Background: The association between cannabis use and the development of a first psychotic episode was studied in a group of 100 young people identified as being at very high risk for the onset of psychosis. Method: The 'ultra' high risk cohort was identified by the presence of subthreshold psychotic symptoms, or a combination of first-degree relative with a psychotic disorder and recent functional decline. Thirty-two per cent of the cohort developed an acute psychotic episode over the 12-month period after recruitment. As a component of a larger research study, the level of cannabis use by participants in the year prior to enrolment in the study was assessed at intake. Results: Cannabis use or dependence in the year prior to recruitment to this study was not associated with a heightened risk of developing psychosis over the following 12-month period and therefore did not appear to contribute to the onset of a psychotic disorder. Conclusion: The results of this study suggest that cannabis use may not play an integral role in the development of psychosis in a high-risk group. While this study does not support a role for cannabis in the development of first-episode psychosis, we cannot conclude that cannabis use should be completely ignored as a candidate risk factor for onset of psychosis. A number of weaknesses of the study (the low level of cannabis use in the current sample, the lack of monitoring of cannabis use after intake) suggest that it may be premature to dismiss cannabis use as a risk factor for the development of psychosis and further research is urged in this area.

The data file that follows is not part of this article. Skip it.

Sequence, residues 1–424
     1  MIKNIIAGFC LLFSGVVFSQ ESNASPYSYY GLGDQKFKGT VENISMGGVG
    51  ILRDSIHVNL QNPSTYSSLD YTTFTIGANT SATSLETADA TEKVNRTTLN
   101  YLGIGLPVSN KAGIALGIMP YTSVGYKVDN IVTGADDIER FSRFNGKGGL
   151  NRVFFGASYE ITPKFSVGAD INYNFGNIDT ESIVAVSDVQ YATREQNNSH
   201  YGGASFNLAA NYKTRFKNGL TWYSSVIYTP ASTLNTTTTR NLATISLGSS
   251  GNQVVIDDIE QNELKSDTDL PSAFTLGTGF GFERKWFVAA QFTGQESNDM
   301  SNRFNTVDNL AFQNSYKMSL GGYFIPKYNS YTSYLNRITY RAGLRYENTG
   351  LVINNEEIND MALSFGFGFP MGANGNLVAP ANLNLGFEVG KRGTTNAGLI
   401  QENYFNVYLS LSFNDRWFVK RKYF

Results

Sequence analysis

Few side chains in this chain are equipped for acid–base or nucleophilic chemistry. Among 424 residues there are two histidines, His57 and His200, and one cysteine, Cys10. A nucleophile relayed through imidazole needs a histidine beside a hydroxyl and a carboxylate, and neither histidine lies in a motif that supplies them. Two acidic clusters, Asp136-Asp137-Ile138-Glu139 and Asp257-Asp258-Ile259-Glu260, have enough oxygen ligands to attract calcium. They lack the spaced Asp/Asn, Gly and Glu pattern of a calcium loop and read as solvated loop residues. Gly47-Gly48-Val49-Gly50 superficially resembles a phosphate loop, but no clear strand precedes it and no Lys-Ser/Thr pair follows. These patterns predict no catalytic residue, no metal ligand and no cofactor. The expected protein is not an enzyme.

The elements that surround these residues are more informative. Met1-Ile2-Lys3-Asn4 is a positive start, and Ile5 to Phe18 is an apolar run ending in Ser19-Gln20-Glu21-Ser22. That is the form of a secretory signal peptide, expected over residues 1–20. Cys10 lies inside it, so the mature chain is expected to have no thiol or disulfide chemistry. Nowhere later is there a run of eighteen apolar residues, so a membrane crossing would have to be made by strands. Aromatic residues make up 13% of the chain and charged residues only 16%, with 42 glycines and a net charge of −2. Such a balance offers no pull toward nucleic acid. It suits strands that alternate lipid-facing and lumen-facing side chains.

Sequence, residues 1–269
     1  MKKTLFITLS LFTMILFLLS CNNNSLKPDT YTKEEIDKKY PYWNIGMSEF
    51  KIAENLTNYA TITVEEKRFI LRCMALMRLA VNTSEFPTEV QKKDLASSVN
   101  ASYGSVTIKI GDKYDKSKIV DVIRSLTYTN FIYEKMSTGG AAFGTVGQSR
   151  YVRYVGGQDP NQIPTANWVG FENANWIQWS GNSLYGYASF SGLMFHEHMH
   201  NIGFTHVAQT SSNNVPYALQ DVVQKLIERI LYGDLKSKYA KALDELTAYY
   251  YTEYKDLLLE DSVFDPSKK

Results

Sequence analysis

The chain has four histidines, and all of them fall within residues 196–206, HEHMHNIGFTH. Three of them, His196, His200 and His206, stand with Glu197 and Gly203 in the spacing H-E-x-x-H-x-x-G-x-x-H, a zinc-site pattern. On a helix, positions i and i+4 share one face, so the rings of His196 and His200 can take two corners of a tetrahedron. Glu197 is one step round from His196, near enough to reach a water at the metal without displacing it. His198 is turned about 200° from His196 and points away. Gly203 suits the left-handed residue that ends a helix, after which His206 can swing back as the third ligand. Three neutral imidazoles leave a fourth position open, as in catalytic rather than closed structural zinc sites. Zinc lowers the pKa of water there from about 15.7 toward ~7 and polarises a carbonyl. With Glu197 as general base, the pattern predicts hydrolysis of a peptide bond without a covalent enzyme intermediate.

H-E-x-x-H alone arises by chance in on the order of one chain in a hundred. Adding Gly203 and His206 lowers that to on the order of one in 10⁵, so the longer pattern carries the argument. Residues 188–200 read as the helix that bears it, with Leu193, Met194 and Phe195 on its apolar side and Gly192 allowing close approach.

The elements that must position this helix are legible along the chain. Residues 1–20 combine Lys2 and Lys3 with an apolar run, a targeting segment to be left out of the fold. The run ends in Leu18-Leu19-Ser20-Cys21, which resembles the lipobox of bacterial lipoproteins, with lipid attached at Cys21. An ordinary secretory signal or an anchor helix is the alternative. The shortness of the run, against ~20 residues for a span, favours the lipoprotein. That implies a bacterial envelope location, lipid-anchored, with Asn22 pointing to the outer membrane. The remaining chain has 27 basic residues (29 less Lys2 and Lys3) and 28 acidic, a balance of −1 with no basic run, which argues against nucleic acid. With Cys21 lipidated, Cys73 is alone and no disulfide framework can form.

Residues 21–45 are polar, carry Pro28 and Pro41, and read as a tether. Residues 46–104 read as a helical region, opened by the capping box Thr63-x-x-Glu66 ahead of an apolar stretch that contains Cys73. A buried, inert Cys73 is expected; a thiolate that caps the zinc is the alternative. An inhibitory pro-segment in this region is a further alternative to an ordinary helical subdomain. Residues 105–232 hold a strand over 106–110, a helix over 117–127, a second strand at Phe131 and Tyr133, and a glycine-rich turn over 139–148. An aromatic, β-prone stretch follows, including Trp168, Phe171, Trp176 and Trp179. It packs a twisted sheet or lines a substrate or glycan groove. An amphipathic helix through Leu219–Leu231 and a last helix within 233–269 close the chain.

- Survival analysis